Our specialists created the Pediatric Pigmented Lesion Center at Lurie Children’s to provide the best possible care to children with complex pigmented lesions.
What Is a Pigmented Lesion?
The color in our skin is called melanin. The cells that make melanin are called melanocytes. Pigmented lesions are spots on the skin that are created by these melanocytes. There are many types of pigmented lesions seen in kids. These include:
Nevus (also called a mole)
Nevus of Ota
Nevus of Ito
Most moles in kids are healthy and don’t need any treatment. But some moles may need special care. Our Pigmented Lesion Center is here to serve children with moles that need specialized care and treatment.
The Lurie Children's Difference
The Pediatric Pigmented Lesion Center was created in 2019 to bring together experts from across our hospital to diagnose and treat children with pigmented lesions. We use the most updated research and techniques to provide the best possible care for children with a congenital nevus, Spitz nevus, Spitz tumor, or melanoma.
The Pigmented Lesion Center team also works together to further our understanding of pigmented lesions through clinical research.
Conditions We Treat
The Pigmented Lesion Center treats patients aged 0-18 years with:
Dr. Kruse is the medical director of the Pediatric Pigmented Lesion Center. Dr. Kruse is a board-certified pediatric dermatologist with expertise in pigmented lesions. Her areas of interest include large and giant congenital nevi, Spitz nevi, Spitz tumors, and pediatric melanoma.
Dr. Wagner is a pediatric dermatologic surgeon and board-certified pediatric dermatologist. She has a special interest in the medical and surgical care of pigmented lesions in children. Her areas of expertise include congenital nevi, Spitz nevi/tumors and pediatric melanoma.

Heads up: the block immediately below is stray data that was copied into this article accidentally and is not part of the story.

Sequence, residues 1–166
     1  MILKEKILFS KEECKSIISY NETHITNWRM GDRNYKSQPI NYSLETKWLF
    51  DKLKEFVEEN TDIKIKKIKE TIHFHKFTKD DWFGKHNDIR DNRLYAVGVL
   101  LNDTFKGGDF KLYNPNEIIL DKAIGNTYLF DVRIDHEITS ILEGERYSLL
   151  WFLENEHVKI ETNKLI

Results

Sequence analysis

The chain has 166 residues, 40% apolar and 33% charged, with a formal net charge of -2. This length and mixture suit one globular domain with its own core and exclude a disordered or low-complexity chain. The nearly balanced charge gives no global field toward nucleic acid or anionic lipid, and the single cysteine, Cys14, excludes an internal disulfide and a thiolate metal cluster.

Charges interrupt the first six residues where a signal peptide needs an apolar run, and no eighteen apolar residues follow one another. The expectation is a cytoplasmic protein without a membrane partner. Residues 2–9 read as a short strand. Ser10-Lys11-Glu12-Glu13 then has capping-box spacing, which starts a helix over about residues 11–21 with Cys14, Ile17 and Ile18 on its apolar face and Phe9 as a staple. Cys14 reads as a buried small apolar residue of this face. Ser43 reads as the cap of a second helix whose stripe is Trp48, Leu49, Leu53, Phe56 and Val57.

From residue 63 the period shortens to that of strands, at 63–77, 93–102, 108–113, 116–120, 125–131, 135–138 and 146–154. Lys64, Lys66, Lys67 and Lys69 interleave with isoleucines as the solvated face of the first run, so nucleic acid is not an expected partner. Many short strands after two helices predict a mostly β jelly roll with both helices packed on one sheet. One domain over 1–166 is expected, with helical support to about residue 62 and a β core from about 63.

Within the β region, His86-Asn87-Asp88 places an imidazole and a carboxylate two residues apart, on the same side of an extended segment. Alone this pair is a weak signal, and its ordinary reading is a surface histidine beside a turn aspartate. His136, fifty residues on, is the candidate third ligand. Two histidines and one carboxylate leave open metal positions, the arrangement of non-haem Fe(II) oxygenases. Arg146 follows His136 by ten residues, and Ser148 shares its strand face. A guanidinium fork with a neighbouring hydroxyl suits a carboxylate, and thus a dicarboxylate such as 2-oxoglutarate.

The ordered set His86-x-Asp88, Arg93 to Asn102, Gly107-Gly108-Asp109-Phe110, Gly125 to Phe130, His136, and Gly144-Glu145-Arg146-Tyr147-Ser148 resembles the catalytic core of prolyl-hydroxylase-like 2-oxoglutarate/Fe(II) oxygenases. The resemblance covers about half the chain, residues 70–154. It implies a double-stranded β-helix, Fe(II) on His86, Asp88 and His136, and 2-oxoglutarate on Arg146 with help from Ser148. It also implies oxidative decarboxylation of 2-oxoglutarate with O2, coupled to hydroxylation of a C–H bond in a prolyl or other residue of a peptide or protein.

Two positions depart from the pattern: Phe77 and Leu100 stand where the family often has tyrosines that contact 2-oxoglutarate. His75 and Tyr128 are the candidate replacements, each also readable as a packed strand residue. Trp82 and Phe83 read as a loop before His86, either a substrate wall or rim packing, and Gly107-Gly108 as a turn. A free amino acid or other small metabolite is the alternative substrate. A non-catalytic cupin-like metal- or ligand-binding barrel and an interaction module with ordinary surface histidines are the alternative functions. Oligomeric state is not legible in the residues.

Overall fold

Dr. Lautz is a pediatric general surgeon who specializes in the care of children with cancer, including pediatric melanoma. He has expertise in the surgical management of melanoma, including wide local excision and sentinel lymph node biopsy. Dr. Lautz collaborates with the multi-disciplinary team to provide optimal care for children with melanoma.
Dr. Gangopadhyay is a board-certified pediatric plastic surgeon with expertise in the surgical treatment of melanocytic lesions. Dr. Gangopadhyay collaborates with the pigmented lesion team to provide surgical treatment for children with congenital nevi, Spitz lesions and melanoma.
Dr. Gerami is a board-certified dermatopathologist with expertise in the histologic diagnosis of melanocytic lesions. He specializes in histologic and molecular diagnostic methods to optimize diagnostic accuracy in pediatric melanocytic tumors, particularly atypical nevi, Spitz nevi, Spitz tumors and melanoma.
Dr. Gertler is a pediatric neurologist and research neuroscientist with specific interest in neurogenetics. Her clinical focus includes children with germline genetic variants impacting the entire brain and nervous system (such as channelopathies), as well as somatic variants, where a subset of cells with a gene change result in neurocutaneous disease.
Dr. Sokol is a pediatric oncologist with expertise in caring for children with solid tumors, including pediatric melanoma.
Elizabeth Boerma, RN, and Carolyn Kiolbasa, RN, are nurses that support our team in caring for children with melanocytic lesions. They specialize in providing excellent clinical care, and in supporting families in coordination of care for children.
What to Expect
Our care team will work with you to identify and diagnose your child’s condition. We will put together a care team for your child that is tailored to your child’s specific needs. This may include a pediatric dermatologist, a pediatric surgeon, an oncologist, or a neurologist, depending on the condition and the needs of your specific child.
Make an Appointment
Scheduling for the Pigmented Lesion Center is available through the Division of Dermatology. Please call 312.227.6060 to make an appointment.
Preparing for Your Appointment
To make the most of your visit to the Pigmented Lesion Center, we need to access your child’s previous records. This may include biopsy reports, imaging, labs or clinic notes.
Medical records can often be obtained by calling the clinic/hospital’s medical records department where your child has been seen. You can then request a release.
If your child is coming for a second opinion, please request any prior records and bring them to the appointment.
If a biopsy has been done, please bring the report from that and any other tests.
In some cases, we may recommend that the biopsy tissue be re-examined our dermatopathology team. If so, we will guide you in how to have the slides sent to our team.
If your child has had imaging such as an MRI, please bring the report to the appointment.